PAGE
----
The brake calipers are installed behind the wheels and sit on the brake discs. With a small distance to the discs the brake caliper works like a caliper. The brake piston in the brake caliper moves forward during braking. Most brake calipers are equipped with one or two pistons. On very heavy or fast vehicles more pistons can be used, up to eight per caliper. When the driver presses the brake pedal, overpressure is created in the hydraulic system. This brake fluid pressure is transmitted to the brake calipers via the brake lines and brake hoses.
There is now caused that the brake pistons press the brake pads against the brake discs so that the friction on the brake increases. This frictional resistance ensures that the kinetic energy of the vehicle is converted into thermal energy. The excess pressure only decreases again when the driver takes his foot off the brake pedal. The brake pistons return to their original position so that the brake discs can rotate freely again.
A brake caliper can also take over the function of the parking brake in vehicles, which have brake discs on all four wheels. When the handbrake is applied mechanically or electrically, the brake piston and thus the brake lining is pressed against the brake disc. In this way the vehicle stops even on a gradient.
There are two main types of brake calipers:
Floating saddles have the advantages that they require less space, have a high efficiency, are easy to maintain and are inexpensive. That is why they are also the most widely used brake calipers.
Brake calipers are subject to many external influences such as moisture, road dirt and road salt. This can lead to the following consequences, among others:
The external influences mentioned above cause excessive wear of the brake pads and the brake discs. Rust, for example, can cause the brake pistons to become stiffer. A jammed brake calliper can also cause the wheel to heat up dangerously and thus lead to increased fuel consumption. In addition, the heat can cause the brake pads to vitrify, which would reduce the braking effect. In the worst case, wear can also lead to a loss of braking efficiency.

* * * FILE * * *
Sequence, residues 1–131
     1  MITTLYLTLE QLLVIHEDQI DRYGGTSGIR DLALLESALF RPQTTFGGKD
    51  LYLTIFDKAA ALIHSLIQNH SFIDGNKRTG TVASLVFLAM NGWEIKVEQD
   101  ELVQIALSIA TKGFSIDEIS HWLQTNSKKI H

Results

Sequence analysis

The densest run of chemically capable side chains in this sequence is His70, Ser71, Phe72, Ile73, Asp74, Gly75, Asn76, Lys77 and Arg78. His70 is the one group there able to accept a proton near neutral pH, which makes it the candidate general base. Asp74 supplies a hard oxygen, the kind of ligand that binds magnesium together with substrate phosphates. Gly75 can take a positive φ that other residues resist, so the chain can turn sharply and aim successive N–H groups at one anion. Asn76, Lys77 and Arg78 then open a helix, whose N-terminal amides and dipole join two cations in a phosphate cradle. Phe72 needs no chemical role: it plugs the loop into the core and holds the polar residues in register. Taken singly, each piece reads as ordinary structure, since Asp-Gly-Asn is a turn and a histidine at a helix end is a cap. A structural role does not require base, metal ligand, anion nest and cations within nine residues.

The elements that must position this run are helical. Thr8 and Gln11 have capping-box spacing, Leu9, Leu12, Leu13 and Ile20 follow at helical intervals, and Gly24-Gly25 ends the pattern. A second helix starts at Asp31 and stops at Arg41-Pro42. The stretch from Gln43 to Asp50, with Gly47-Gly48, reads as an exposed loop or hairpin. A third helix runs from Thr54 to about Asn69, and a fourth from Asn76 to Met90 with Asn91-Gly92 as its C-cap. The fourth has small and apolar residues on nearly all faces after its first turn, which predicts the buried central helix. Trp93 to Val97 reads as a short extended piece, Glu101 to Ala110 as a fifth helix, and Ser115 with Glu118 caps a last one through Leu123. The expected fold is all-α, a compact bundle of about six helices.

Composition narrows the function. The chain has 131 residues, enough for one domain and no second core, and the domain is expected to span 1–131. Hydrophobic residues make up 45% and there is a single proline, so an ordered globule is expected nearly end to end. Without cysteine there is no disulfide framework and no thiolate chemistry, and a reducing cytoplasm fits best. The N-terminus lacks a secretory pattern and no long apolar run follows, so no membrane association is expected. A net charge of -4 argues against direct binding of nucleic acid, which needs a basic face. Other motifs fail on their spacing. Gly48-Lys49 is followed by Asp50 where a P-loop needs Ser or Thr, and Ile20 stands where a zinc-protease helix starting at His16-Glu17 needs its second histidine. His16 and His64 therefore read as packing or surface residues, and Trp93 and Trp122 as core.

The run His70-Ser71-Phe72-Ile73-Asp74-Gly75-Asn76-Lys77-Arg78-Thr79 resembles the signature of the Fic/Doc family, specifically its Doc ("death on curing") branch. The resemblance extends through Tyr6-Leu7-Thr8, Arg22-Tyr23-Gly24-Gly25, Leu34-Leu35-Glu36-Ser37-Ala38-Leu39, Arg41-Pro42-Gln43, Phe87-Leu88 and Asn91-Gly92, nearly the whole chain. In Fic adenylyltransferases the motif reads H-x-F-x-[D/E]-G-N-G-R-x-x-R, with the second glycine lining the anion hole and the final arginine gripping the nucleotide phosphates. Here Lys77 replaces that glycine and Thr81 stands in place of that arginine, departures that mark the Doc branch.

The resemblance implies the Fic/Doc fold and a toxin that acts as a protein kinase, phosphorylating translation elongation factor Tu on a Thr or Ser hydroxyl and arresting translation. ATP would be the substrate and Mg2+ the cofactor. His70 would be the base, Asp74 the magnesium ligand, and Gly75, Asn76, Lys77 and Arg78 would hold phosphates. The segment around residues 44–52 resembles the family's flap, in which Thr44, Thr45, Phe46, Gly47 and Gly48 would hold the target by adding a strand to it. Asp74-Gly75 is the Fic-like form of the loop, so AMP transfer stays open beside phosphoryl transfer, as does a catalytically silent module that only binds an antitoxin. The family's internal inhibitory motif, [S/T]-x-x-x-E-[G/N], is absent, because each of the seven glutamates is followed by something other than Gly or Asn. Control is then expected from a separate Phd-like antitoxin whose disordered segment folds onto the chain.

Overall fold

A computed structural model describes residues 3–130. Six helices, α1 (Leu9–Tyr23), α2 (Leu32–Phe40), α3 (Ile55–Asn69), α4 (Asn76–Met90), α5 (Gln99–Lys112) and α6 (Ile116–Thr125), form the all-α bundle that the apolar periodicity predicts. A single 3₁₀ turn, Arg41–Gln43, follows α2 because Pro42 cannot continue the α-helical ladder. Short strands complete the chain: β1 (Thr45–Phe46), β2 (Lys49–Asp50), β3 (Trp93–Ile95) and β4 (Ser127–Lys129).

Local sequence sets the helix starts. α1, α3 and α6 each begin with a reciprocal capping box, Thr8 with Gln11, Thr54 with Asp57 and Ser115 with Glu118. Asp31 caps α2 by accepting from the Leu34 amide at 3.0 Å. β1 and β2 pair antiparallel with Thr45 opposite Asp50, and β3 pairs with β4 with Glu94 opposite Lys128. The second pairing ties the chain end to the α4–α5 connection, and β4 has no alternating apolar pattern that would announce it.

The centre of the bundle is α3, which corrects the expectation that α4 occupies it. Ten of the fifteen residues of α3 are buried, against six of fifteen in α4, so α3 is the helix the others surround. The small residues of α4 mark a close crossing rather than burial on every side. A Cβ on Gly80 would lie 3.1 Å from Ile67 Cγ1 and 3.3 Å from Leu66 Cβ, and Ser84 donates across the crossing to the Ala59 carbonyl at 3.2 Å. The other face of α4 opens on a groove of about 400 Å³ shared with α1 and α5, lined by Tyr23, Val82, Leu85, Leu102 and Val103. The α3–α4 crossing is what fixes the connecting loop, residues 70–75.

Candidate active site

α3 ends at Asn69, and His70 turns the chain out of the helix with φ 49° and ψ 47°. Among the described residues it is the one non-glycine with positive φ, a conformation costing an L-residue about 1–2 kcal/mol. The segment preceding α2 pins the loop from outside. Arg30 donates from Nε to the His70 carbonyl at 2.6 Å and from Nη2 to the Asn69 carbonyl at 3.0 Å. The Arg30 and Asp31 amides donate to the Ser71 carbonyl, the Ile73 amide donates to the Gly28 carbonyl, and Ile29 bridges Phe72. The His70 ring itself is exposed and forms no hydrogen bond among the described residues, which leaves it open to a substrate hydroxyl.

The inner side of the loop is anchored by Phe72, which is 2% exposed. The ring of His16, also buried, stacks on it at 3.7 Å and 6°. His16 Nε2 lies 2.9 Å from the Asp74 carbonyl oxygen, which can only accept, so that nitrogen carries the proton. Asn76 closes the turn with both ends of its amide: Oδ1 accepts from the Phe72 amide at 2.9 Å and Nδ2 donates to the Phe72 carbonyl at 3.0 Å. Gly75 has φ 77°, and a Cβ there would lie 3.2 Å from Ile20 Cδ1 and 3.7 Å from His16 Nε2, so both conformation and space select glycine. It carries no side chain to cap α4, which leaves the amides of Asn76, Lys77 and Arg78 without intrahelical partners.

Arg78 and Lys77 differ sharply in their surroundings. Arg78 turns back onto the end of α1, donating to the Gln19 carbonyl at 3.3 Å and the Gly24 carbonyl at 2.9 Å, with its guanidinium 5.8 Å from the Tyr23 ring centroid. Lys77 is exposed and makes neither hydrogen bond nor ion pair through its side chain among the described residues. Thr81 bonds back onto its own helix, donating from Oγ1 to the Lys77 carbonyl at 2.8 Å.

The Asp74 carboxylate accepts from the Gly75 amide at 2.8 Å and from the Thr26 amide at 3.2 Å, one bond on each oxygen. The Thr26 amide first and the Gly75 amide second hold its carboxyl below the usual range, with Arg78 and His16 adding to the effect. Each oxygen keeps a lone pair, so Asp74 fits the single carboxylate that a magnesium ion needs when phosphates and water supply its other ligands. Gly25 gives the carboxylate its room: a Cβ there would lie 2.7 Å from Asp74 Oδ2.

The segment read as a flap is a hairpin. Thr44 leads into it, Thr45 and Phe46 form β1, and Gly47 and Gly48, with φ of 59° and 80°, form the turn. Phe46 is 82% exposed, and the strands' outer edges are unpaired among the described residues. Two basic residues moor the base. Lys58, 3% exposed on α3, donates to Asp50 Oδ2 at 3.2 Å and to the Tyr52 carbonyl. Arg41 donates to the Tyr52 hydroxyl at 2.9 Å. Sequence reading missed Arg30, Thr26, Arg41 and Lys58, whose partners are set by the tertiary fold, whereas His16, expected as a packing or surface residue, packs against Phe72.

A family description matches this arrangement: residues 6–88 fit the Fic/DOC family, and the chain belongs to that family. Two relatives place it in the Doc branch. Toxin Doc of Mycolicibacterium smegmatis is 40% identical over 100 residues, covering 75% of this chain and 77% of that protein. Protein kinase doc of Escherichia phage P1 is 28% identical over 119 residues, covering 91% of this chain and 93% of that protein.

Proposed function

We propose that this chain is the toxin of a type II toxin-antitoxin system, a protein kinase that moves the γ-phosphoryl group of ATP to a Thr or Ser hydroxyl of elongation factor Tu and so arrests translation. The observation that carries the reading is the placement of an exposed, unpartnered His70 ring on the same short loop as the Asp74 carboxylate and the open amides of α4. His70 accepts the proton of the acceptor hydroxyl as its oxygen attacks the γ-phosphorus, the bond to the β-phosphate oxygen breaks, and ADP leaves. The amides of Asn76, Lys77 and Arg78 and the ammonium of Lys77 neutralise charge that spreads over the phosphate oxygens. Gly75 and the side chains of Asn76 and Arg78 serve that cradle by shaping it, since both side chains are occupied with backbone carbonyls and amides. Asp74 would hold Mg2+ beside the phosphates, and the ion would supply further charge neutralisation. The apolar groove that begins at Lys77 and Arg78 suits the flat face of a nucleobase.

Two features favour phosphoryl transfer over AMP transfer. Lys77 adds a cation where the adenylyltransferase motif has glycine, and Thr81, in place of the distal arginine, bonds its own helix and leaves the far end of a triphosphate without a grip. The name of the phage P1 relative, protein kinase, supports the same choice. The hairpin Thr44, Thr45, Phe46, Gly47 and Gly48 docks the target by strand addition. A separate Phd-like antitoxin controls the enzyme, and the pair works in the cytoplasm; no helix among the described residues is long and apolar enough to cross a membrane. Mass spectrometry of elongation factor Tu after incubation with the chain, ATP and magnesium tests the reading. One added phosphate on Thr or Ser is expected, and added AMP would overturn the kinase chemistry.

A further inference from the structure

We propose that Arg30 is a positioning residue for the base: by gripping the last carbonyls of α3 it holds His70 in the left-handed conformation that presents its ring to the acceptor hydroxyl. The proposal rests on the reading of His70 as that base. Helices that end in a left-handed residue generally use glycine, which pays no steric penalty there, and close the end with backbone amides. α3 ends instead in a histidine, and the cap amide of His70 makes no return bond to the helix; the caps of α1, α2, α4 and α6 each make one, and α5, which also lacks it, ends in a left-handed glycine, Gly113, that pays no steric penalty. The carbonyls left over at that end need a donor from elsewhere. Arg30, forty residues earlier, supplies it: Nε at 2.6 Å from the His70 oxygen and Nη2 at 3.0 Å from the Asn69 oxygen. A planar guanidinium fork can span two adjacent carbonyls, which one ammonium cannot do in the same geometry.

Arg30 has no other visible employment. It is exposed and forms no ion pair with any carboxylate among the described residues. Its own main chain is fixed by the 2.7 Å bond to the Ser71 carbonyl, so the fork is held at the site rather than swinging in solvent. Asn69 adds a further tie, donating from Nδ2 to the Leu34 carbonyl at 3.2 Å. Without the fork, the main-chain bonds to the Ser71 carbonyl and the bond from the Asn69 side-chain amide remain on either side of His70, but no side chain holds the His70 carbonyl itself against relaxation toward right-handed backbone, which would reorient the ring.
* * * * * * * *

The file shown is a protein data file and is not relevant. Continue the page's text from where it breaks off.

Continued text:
When riding, a worn or jammed brake caliper is usually only noticeable by a reduced braking effect, sometimes even squeaking when braking. If you then get out of the car and notice a clearly noticeable heat on the tyres and a burnt smell, then there is a lot to be said for a defective brake calliper. This should then be changed as soon as possible to restore road safety.
If the symptoms mentioned above occur, it is advisable to also check the associated components, as the guide sleeves or seals may also have defects. When changing the brake calipers, some brake fluid is always required in addition to special tools. This requires technical skill and know-how. If you don't think you can do this, you should leave the replacement of the brake caliper to a specialist.
Even if no symptoms appear, it is advisable to have the complete brake system checked at every inspection. In this way, defects or wear can be detected early and remedied in good time. When replacing the system, it is advisable to use branded goods. This is characterised by a longer service life and a better fit. You will find branded goods at favourable prices from the following manufacturers among others:
The brake calipers can be purchased from us individually or also as an axle-wise product package. In addition, we have created packages that include brake fluid and suitable holders. If you are not sure which brake caliper is suitable for your vehicle, please contact our customer service with the 17-digit chassis number.